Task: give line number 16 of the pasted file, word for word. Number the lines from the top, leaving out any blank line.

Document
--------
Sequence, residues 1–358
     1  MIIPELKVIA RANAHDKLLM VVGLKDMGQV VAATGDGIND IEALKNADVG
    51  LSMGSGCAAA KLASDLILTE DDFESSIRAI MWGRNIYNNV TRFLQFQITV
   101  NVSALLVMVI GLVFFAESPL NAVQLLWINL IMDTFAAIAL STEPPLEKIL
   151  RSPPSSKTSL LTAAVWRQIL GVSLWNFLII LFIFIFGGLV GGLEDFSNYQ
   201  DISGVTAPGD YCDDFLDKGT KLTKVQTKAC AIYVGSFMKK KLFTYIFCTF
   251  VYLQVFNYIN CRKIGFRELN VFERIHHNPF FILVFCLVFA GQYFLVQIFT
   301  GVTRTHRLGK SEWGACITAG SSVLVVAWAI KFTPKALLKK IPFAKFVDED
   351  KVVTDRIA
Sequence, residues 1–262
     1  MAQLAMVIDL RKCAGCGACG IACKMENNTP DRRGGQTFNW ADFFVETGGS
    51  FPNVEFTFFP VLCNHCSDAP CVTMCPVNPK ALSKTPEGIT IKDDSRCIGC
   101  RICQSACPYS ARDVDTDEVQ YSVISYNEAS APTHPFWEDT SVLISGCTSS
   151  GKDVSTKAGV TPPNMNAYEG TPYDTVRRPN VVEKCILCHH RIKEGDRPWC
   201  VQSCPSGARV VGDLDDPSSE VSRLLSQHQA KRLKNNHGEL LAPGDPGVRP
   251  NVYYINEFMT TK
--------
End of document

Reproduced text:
   251  NVYYINEFMT TK